So we started looking for homes, with the thought that we'd do a "Make Me Move" scenario and take it slow and be super thoughtful but not rushed about the process, because we do truly love our home.

We've looked at a couple of homes so far, both houses with a lot of character -- although at polar opposites from each other. One was a renovated farmhouse, the original part built in 1855, that had a location that was super close to everything but also super close to a busy road and the backyard that looked and was advertised as a "private oasis" was lovely...but had the constant thrum of passing traffic and the visible homes nearby ruining the secluded effect we apparently value.

The other one was super modern, not at all our typical style especially on the outside, further out (but close to the highway so easy to commute to things), situated on over an acre of wooded lot in an area that will never be further developed and backs to a pond and marsh, and is in impeccable renovated shape.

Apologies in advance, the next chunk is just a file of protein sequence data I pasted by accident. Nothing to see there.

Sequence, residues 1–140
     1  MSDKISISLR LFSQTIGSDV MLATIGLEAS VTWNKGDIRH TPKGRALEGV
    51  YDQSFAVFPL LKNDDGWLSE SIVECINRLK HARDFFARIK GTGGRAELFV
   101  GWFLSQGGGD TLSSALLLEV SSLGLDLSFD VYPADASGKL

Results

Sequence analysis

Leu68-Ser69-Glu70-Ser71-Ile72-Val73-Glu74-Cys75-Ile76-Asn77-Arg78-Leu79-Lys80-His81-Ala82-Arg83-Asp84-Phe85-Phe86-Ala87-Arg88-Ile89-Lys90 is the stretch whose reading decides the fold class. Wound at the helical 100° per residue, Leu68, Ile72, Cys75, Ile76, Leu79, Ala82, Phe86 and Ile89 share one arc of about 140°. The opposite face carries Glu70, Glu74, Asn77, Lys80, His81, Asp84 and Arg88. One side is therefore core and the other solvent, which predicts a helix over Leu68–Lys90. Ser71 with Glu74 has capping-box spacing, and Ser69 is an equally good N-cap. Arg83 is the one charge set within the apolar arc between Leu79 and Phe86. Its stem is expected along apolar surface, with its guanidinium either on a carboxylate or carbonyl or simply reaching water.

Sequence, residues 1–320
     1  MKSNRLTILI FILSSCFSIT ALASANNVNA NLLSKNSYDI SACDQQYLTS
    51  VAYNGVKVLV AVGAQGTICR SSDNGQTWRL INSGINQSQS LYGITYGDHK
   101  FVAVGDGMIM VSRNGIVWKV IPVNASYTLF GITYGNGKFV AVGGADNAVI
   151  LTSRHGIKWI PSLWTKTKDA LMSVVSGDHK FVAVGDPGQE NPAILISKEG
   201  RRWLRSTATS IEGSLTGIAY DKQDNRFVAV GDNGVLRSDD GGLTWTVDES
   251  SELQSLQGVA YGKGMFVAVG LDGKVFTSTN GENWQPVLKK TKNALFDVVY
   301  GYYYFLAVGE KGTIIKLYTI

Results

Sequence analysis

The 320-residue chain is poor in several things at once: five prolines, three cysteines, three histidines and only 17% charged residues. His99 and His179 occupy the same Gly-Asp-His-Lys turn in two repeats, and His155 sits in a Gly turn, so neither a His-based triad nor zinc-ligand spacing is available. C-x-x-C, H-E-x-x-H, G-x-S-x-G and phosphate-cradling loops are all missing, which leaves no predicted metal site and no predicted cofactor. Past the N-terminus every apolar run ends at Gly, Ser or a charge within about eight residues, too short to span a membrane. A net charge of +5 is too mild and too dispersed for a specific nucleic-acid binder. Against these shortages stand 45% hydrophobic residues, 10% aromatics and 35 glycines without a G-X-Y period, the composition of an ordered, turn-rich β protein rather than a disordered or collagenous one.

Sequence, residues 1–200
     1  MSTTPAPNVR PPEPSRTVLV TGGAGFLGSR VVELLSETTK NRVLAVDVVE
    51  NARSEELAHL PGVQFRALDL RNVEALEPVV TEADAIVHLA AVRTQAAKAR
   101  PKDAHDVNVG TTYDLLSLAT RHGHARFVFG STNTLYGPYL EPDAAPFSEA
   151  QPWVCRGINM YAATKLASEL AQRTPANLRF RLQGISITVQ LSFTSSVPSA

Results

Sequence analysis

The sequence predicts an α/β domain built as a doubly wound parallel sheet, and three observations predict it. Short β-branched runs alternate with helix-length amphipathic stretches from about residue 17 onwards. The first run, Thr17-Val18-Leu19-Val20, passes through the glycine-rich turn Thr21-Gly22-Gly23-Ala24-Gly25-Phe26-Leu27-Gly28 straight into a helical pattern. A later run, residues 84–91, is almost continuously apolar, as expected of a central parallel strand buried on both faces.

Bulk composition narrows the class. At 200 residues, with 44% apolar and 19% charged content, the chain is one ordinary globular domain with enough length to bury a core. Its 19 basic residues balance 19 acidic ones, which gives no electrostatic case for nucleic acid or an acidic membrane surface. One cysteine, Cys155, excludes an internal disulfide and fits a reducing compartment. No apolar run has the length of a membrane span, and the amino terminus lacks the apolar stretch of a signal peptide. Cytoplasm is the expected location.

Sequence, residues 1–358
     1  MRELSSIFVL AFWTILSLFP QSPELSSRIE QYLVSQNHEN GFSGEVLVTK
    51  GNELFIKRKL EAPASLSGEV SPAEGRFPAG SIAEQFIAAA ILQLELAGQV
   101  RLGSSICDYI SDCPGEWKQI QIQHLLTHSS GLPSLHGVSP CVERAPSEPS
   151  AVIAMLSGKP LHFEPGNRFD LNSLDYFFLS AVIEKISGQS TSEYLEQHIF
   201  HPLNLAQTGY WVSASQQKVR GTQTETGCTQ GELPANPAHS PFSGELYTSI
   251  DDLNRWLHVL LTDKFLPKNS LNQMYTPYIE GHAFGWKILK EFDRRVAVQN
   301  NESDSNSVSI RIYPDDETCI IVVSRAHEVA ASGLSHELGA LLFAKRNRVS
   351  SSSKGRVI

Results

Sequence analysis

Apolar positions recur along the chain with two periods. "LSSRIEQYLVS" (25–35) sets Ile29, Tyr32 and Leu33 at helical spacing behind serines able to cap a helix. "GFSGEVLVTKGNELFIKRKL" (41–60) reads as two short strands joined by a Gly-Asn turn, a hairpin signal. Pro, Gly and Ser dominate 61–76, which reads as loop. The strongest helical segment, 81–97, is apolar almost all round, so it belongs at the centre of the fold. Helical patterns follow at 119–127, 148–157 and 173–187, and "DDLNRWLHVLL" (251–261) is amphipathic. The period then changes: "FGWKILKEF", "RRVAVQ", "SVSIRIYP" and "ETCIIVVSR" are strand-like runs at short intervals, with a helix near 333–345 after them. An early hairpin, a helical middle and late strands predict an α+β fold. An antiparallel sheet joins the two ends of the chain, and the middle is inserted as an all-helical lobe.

The funniest thing about that one is that when we stopped to talk to a neighbor, we were told that this particular group of houses on this dead end road was originally built in the 1980s as a community for "childless couples who wanted to live like recluses out in the woods," but then apparently they had to legally open it up to families (the legality of that idea is definitely interesting -- what happens if you get pregnant? They kick you out? Courts determined it was discrimination). IS THAT NOT HILARIOUS, THOUGH? Only we would find a house that's in a former commune for woodsy childless recluses.

Anyway, we were shocked at how much we loved that one, and are considering our options. Maybe it won't take so long after all, which brings up all kinds of other thoughts and feelings relating to how we got here, what we leave behind, and the enormity (and freedom) of starting a new life in a home that is definitely not meant to have children in it.

Want to read more #Microblog Mondays? Go here and enjoy!